But then, last Thursday morning, I was in an empty office across the hall taking a phone call from my brother when Named Partner X snuck up behind me and grabbed me with both hands on my waist. All tickly-like. It scared the crap out of me (which, I assume, was his intent), but all I could do was say into the phone, “I gotta go, the boss is trying to grab me.” I he perceived that has a passive validation of his gesture and chuckled. I was actually being literal. By the time I hung up the phone and turned around to fully react, he was gone.
For the rest of the day, I felt possessed. I couldn’t resist and blabbed about. All giggly and nervous-like. To anyone listening within a 50-foot radius. “X just GRABBED me! Can you believe? No wonder I’m turning into a rabid feminist!” If only I wasn’t too dull-witted to realize this was making me enemies.
The next day he stopped by my door, stuck his finger in my face, wagged it and said, “You. Follow me.”
He pivoted and walked—forcing me to run after him down the hallway. While he is short, I am so much shorter that following his brisk pace required I jog. Awkwardly. In heels.
He gets me in a private office, slams the door and launches into some version of an apology whereby he keeps insisting that people need to have thick skins in his office. Yeah, that kind of apology. And the best part? Me and my response.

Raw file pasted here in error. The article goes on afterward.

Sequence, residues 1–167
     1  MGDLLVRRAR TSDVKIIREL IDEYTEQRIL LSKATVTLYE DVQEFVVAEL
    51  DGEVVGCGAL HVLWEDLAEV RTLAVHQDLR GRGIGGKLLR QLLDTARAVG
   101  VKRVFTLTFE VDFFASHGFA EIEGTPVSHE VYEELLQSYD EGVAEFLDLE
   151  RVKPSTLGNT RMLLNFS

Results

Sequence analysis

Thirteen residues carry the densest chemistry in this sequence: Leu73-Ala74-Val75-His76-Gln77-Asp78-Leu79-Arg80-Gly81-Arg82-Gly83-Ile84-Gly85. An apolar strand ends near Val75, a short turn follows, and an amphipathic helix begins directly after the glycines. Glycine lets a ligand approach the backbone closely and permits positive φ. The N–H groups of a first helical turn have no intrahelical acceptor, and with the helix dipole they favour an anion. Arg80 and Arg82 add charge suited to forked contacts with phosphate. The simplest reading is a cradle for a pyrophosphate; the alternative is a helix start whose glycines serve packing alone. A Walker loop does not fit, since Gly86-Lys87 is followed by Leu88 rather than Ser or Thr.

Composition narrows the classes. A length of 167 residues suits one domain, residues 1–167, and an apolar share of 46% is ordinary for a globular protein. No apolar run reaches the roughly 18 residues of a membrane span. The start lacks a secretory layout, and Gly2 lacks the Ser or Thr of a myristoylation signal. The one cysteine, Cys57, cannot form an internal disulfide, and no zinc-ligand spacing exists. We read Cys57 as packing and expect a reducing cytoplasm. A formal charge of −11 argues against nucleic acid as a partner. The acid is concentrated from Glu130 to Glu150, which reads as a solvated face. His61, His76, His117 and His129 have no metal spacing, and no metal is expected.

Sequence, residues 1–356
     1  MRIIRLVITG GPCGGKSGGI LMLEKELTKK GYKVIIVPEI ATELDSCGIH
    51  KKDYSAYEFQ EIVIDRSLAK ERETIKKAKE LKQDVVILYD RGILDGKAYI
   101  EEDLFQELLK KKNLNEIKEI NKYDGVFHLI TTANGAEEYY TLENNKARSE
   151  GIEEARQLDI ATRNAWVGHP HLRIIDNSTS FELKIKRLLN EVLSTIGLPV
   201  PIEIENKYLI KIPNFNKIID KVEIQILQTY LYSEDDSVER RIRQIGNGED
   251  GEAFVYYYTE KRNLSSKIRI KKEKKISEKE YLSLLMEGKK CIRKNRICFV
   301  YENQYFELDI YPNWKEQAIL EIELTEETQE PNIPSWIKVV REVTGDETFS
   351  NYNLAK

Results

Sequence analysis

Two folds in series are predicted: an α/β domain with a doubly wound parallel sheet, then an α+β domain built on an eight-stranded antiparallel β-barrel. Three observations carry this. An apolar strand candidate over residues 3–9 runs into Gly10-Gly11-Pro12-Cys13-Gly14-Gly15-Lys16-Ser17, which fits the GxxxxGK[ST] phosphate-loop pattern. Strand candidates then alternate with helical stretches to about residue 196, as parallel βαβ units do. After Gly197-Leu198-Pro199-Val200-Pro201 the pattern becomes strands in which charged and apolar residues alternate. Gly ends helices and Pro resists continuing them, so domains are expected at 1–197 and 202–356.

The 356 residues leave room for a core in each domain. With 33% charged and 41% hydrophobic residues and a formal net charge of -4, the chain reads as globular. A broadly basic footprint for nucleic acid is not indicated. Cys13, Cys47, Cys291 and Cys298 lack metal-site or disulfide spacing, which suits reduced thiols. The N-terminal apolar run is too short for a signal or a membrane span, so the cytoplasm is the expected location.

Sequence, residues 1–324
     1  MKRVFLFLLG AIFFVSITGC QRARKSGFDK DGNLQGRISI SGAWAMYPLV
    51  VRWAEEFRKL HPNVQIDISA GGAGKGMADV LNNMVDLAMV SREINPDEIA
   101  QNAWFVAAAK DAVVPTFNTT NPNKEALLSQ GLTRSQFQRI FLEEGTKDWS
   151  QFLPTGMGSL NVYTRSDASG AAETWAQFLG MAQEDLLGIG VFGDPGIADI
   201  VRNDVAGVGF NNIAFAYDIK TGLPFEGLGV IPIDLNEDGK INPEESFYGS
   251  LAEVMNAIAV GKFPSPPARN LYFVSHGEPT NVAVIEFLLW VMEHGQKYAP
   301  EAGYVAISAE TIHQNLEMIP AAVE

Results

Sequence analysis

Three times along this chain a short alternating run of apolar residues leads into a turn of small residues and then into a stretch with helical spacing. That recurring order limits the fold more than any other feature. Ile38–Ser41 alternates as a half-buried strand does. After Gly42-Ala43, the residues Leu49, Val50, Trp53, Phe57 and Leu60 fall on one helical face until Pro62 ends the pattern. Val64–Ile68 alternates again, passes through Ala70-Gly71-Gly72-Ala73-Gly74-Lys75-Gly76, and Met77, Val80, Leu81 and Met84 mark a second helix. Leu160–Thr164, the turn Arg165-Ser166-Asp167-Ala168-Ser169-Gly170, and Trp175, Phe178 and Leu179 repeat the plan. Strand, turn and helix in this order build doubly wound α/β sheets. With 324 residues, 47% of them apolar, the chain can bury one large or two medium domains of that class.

“Oh, no problem. I’m fine, and I love it here. I’m used to stuff. I was in the Army.”
But next thing I know, I got moved downstairs. My own space with a window, but still now firmly off his radar.
So now, not only has the partner in charge of my immediate financial future totally forgotten about me and my slim savings account, the staff attorneys all HATE me. For various reasons. Some are pissed because downstairs I now have my own space with a window—something that takes most staffers five years to get. For others, it’s the sad, unspoken jealously of having never been groped by grabby-hands Named Partner X. Topping it off: I don’t even have a fricking lawsuit to cover my ass if I get canned. All he has to do is not give me more work.
The real worst part: I kinda liked him. There was something sexy about his particular blend of being an obnoxious, liberal Jewish dude who takes time to pester his contractor staff attorney underlings—the attorneys that even freaking secretaries think they’re too good for. I had even grown to appreciate his witty banter—in 30-second intervals, at least—as long as didn’t mind the lame Henny Youngman impersonations.
But what I’m starting to realize is that he was just looking to make a younger woman uncomfortable so she would kiss his butt and further entrench the personality cult that is his law firm. And I was just one of plenty of female employees who, in this job climate, will cooperatively run down the hall after him upon whisper and wag of his index finger. It’s not right.
But unfortunately, being right doesn’t always keep you employed. It seems David Letterman is hardly a cautionary tale. And sometimes it feels as though nothing has changed since the days of Mad Men.